The sports world reacted to the news of former Missouri Tigers defensive end Michael Sam coming out as a proud gay man on Sunday evening, but the reactions from anonymous NFL execs painted a disturbing and disappointing picture that his announcement is going to have a negative impact on his draft stock.
An NFL player personnel assistant told SI.com, “I don’t think football is ready for (an openly gay player) just yet. In the coming decade or two, it’s going to be acceptable, but at this point in time it’s still a man’s-man game. To call somebody a (gay slur) is still so commonplace. It’d chemically imbalance an NFL locker room and meeting room.”
An outpouring of current and former players, coaches and front office personnel have lend their support to Sam to suggest that the NFL is more ready for a gay player than these archaic execs would suggest, and Ken Rosenthal of Fox Sports writes that Major League Baseball is ready for a gay baseball player.
Here is a collection of what some MLB executives had to say about a gay player in MLB:
Chicago Cubs president Theo Epstein said, “If the reports about his football ability and character are accurate, we would sign the baseball Michael Sam in a second and be a better organization for it.”
Mark Shapiro, Cleveland Indians president: “Sexual orientation has not and never would be an area of consideration, and it certainly would not prevent us from acquiring a player we felt could help the team be in a better position to win a championship.”
Frank Coonelly, Pittsburgh Pirates president: “I cannot imagine that a baseball player’s sexual orientation would affect where he would be drafted in the baseball draft. Of course, I cannot speak for others, but I know for certain that the Pirates would make our draft decision based solely on whether we believed that the man could play.”
Derrick Hall, Arizona Diamondbacks president: “The Diamondbacks do not tolerate any form of discrimination and take pride in being an inclusive and accepting organization.”
St. Louis Cardinals general manager John Mozeliak, “Overall, I feel in society and specifically in professional sports, you are seeing more tolerance to different issues. The sporting world is built on performance and talent, and that typically drives decisions.”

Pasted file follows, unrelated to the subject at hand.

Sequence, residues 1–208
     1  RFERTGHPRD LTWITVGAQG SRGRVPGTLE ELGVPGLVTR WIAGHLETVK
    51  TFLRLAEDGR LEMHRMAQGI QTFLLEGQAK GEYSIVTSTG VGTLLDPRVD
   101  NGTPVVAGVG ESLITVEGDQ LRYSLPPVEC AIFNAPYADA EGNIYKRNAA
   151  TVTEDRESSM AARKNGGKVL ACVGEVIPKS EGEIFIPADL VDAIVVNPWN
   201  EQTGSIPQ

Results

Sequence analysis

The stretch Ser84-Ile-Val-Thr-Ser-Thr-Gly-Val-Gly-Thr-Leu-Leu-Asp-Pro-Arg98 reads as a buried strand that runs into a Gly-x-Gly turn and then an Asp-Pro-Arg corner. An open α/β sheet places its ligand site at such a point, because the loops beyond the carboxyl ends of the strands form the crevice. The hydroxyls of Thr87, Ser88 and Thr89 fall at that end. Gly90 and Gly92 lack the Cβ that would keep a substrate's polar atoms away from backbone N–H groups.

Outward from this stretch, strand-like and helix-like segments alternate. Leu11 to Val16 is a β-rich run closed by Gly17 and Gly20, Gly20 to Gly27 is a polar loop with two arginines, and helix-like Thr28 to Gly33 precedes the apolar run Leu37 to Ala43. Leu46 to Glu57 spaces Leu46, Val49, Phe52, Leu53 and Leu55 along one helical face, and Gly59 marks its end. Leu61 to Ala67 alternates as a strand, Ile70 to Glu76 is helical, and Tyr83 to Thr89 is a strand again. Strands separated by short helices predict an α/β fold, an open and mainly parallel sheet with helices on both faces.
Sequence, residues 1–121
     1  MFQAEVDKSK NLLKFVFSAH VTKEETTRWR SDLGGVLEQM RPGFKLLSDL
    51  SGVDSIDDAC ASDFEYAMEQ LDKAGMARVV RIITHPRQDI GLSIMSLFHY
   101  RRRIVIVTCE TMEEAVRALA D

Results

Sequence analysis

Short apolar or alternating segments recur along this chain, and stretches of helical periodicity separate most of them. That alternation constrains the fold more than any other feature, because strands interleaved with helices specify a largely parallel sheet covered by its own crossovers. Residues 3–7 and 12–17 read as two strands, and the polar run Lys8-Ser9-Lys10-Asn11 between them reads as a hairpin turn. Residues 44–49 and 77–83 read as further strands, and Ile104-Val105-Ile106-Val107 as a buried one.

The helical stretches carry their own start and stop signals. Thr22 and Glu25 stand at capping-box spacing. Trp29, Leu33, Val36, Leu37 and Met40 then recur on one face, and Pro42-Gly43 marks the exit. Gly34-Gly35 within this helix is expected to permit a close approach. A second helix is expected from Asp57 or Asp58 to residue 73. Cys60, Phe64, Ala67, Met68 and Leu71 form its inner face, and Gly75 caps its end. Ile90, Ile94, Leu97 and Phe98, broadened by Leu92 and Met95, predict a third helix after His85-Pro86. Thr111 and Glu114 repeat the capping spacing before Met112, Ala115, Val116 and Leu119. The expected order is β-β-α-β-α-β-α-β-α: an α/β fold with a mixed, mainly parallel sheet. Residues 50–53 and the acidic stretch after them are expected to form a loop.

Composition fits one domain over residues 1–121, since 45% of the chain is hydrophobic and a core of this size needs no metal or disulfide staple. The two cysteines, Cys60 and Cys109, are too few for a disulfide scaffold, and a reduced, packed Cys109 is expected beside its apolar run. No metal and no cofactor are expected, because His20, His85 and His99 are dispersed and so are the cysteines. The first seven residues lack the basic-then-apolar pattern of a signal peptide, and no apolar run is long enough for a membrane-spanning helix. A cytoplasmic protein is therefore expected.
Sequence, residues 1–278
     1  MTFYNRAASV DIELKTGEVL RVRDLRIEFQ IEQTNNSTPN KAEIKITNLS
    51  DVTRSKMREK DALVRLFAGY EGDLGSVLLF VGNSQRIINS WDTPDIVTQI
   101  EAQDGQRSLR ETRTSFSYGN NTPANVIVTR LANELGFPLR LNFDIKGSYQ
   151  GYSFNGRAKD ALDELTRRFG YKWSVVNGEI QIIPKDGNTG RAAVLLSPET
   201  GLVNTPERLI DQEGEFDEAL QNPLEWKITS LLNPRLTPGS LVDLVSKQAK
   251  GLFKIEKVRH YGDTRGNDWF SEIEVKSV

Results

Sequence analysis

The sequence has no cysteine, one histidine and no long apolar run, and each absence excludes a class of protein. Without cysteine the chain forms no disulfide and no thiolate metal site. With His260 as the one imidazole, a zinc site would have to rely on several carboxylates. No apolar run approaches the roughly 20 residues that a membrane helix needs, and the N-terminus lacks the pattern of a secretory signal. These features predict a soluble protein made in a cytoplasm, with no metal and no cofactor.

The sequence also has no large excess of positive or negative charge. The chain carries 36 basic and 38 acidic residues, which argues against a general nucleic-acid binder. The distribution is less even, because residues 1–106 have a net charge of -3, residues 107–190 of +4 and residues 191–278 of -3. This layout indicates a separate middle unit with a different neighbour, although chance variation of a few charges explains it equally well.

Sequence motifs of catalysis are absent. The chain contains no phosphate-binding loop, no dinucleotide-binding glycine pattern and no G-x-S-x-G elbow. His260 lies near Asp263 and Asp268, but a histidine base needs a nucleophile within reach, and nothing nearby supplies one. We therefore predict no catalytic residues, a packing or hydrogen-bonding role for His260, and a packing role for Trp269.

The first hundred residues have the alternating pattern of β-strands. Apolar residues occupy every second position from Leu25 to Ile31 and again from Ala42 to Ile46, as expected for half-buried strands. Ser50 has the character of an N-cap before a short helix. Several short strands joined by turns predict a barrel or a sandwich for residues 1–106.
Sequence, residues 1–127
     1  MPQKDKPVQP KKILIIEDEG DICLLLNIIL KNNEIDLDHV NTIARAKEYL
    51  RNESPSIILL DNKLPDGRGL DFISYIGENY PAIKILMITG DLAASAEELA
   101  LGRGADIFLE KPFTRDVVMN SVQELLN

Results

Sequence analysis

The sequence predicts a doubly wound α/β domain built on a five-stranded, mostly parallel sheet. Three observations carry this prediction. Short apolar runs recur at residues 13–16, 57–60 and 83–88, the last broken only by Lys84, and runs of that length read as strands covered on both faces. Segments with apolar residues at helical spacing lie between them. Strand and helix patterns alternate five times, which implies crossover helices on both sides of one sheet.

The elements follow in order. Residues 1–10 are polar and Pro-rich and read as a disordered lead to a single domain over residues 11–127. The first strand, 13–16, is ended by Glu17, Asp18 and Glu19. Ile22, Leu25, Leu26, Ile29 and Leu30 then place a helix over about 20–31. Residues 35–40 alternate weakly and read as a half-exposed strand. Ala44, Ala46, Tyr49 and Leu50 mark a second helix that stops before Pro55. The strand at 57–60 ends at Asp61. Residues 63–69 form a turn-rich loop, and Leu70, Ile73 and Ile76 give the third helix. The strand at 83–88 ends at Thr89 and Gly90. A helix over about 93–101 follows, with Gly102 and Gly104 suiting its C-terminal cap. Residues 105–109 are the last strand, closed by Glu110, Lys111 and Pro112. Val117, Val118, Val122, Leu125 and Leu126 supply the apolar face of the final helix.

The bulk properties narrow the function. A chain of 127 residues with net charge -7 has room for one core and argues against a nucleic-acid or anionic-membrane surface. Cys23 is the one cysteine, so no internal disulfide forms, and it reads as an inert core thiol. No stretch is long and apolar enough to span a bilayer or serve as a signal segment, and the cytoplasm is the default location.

Texas Rangers GM Jon Daniels said. “We’ve welcomed people with all sorts of backgrounds in the past, with most having success here. “If the guy is a good teammate and can help us win, I don’t see why this would be any different.”
White Sox President Ken Williams asked, “Are you, as a leader of your organization, prepared to provide the young man the public and private support he will need along with controlling, to the extent you can, what the behavior is in the clubhouse/locker room?”
“If the answer is yes, then you have an opportunity to use what some see as a distraction and use it as an individual and team character-building opportunity along the lines of what Branch Rickey did for Jackie Robinson.
“If the answer is no, then it is unfair to select him because like it or not, this will be a daily media/fan event and will need to be managed to keep everyone’s focus on the job at hand.”
The courage it took Sam to come out as a proud gay man on ESPN last night could be a template that a current major league or minor league player needed to see before coming out on his own.
Statistically speaking, and baseball is all about stats, we’ve already had numerous gay players but perhaps now one will have the power to come forward knowing there are a number of MLB execs who are more than ready to welcome a gay baseball player.